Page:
New exhibition at the Met to explore the evolution of the mourning dress throughout a century
“Death Becomes Her: A Century of Mourning Attire” the Metropolitan Museum of Art’s fall 2014 show is to offer a sombre exploration of fashion, while providing a historical context on the social dimension of death. Opening on the 21st of October, the exhibition explores the aesthetics as well as cultural implications of mourning fashions in the 19th and early 20th centuries.
Approximately 30 ensembles from theCostume Institute, many of which have never been exhibited before, reflect the fashion and cultural state of the period running from 1815 to 1915. The exhibition reveals the impact of high-fashion standards on the sartorial dimension of the bereavement rituals as they evolved over a century.
Evolution of the mourning depicted through women’s clothing and accessories show the progression of appropriate fabrics from mourning crepe to corded silks, and the later introduction of colour with shades of gray and mauve.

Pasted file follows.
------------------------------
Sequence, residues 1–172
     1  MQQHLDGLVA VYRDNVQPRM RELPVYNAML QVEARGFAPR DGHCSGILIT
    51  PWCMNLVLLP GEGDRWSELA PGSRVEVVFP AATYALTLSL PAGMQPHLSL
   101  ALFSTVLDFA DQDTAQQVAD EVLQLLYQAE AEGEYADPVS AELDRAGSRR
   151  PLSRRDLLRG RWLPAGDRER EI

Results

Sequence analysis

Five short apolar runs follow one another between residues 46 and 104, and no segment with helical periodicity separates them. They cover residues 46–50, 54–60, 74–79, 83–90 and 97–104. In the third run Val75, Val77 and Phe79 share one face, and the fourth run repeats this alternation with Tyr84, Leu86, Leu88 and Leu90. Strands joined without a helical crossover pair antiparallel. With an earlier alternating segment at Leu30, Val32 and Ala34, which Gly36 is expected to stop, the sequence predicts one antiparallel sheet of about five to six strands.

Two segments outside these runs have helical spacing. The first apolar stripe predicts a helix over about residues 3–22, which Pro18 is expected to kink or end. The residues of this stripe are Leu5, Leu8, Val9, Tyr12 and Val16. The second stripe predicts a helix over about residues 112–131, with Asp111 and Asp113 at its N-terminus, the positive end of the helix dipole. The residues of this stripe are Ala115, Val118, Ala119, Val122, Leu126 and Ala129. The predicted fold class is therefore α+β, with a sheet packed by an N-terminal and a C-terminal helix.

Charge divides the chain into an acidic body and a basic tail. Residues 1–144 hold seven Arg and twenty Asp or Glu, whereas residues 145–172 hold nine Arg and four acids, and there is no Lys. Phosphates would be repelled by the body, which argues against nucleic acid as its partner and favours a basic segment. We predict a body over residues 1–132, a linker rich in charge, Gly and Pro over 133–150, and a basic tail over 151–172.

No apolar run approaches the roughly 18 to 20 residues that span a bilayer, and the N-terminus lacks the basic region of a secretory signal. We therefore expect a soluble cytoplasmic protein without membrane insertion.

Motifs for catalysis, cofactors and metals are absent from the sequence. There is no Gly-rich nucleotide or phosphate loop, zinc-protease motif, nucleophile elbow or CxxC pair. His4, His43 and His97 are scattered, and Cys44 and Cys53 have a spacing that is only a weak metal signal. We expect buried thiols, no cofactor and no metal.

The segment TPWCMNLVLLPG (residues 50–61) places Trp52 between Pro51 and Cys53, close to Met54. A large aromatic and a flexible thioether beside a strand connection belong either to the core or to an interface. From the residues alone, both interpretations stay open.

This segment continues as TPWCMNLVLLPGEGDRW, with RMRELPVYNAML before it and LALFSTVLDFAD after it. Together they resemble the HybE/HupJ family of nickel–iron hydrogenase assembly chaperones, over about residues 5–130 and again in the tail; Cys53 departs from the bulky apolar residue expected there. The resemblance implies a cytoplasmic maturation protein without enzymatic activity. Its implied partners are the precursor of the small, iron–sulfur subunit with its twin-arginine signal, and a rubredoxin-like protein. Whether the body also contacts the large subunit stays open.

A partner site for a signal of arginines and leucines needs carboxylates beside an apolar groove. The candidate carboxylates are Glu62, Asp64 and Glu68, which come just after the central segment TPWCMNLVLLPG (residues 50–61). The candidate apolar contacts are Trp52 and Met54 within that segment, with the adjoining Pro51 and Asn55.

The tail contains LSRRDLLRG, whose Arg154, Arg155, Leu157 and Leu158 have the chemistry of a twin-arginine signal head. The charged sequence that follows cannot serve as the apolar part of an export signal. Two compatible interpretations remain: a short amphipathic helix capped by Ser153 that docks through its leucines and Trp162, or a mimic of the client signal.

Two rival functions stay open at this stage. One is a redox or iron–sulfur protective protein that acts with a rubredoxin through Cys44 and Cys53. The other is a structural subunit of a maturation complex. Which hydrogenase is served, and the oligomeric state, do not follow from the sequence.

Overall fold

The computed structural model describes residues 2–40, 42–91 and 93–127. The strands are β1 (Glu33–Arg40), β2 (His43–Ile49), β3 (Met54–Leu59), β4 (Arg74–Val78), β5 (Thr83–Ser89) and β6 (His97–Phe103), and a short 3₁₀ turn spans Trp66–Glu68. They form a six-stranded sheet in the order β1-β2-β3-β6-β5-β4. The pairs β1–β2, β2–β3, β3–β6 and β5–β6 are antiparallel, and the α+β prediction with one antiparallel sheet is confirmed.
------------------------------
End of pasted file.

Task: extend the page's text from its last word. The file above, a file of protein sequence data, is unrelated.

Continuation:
“The predominantly black palette of mourning dramatizes the evolution of period silhouettes and the increasing absorption of fashion ideals into this most codified of etiquettes,” says Harold Koda, Curator in Charge of The Costume Institute, who was assisted by Jessica Regan for this exhibition.
A series of high fashion garments, including the mourning gowns worn by Queen Victoria and Queen Alexandra can be found in the be Lizzie and Jonathan Tisch Gallery, illustrating the evolution of the mourning silhouette through the period.
Obviously mourning gowns weren’t just for royal widows and in the Victorian era, middle and lower class women would go to great lengths to appear fashionable in times of mourning, keen to show wealth and respectability as well as sorrow. Jessica Regan explains, “The veiled widow could elicit sympathy as well as predatory male advances (…) She was often imagined as a potential threat to the social order.”
“Death becomes her: A century of mourning attire”
The Metropolitan Museum of Art’s Anna Wintour Costume Center
October 21, 2014 through February 1, 2015.